To market in Place D’Algre where I take photos of the passing parade as Marie buys fish, langoustines, veal, fruit and veg. We get free chilli from one stand. A bloke hands out pro-Palestine leaflets. Next stop, the Great Canadian Bar near Pont Neuff, hoping they will show the NRL grand final tomorrow, given, the last time we were here, the staff told us how much they liked league. But the bar will not open until noon tomorrow and the footy will be over by then. Blast. Our barmaid this time is from Nevada, USA. The beer is flat. Chat to a group of six blokes from southern England, here to celebrate a birthday and to attend the races tomorrow – the Arc d’ Triumph, no less. We didn’t know it was on. Next to a bar/Tabac at Quay de Tournelle, where I met Christian, a construction worker cum scuba diver, last year. He is currently in Romania. An African bloke chats to me when he sees the Kangaroos logo on my polo shirt. He wants to know what language we speak in Australia. He talks Dutch. Walk to Pont Sully where lots of people are sun bathing.
SUNDAY, OCTOBER 4
Spend the morning in our room with the grand final on our mind. Brisbane solicitor and league analyst, Lyle Beaton texts us with score updates. Ipswich beat Newcastle in the national second tier final. Lyle is not happy with Channel 9 commentator, Phil Gould’s criticism of Ipswich’s eccentric style of play. We watch live scores on NRL website and Lyle updates us with thrilling moments. Amazing golden point victory to the Cows. Can’t wait to watch the replay when we get home. Inaugural Cowboy, George Bartlett, a work colleague of our son, Damien, watches the grand final from a corporate box, thanks to another Cowboy original, Bruce Sinclair. Our daughter, Melanie is in the United States and watches the match in Route 66 Bar, Chicago.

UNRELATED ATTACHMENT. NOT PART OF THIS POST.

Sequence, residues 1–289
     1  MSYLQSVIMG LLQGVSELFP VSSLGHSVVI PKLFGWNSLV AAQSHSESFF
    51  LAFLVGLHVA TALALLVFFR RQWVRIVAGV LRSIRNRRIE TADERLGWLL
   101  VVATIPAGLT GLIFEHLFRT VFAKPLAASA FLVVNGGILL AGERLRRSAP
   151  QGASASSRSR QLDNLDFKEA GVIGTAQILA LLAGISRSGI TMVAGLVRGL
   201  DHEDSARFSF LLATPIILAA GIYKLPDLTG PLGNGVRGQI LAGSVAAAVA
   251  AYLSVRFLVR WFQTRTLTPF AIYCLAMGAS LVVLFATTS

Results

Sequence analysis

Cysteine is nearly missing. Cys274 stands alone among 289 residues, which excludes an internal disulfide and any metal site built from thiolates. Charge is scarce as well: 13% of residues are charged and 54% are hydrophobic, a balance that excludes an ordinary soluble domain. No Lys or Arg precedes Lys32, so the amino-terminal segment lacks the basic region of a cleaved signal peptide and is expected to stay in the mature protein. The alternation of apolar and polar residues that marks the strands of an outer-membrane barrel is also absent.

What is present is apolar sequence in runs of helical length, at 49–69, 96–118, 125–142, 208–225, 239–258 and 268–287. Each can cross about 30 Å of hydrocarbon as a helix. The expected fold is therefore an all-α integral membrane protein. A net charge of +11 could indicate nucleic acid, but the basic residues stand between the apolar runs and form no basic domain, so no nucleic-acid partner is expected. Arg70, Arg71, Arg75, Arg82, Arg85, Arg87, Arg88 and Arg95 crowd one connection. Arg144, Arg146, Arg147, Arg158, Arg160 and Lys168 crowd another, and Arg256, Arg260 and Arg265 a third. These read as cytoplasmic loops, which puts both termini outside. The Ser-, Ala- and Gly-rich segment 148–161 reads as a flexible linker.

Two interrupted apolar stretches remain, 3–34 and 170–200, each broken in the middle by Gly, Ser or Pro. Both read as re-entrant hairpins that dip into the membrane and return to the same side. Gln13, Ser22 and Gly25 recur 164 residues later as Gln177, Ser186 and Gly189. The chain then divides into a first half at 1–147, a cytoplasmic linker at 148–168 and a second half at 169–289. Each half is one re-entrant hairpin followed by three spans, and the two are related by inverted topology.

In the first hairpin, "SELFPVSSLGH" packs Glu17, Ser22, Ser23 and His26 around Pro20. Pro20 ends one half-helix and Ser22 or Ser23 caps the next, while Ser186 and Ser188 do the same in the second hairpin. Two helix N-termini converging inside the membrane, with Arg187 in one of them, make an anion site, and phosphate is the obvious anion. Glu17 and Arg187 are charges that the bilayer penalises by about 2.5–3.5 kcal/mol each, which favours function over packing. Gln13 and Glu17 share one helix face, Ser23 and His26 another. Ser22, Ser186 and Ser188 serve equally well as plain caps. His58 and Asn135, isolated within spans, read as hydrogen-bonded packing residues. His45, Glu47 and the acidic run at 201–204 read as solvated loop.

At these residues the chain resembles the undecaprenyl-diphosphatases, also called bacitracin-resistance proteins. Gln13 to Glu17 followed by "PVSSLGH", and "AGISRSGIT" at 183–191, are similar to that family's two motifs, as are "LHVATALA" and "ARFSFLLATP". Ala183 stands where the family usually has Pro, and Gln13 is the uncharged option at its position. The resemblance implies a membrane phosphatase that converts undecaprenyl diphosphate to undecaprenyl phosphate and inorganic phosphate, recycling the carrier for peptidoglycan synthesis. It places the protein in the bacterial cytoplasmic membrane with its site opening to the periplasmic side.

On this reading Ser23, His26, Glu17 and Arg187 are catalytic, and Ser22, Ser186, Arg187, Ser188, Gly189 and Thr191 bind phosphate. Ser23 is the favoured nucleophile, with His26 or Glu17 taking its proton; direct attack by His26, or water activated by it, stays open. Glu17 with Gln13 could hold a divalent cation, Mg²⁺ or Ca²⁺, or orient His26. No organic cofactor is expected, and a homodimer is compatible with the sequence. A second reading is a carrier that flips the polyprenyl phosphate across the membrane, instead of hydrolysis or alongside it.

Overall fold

Off to the races. Free shuttle bus from Port Maillot Metro to Longchamps Race track. 32 Euro admission for the two of us, well worth it. A great day. Frankie Dettori rides the winner, Golden Horn, a UK trained three-year-old. The pomp and ceremony which follows is marvelous, with a mounted band playing ‘God Save the Queen’. Marie had 10E on Tapestry, which finished 16th in a field of 17! A group of lads in kilts are photographed with African ladies. Back in town we have drinks at a couple of bars, the second a TABAC, where we are befriended by an Algerian, who works at the market where we were yesterday. Barman, who looks like former Parramatta forward, Chris King, helps us with interpretations. Only 9E 30c for three beers and two glasses of Rose’.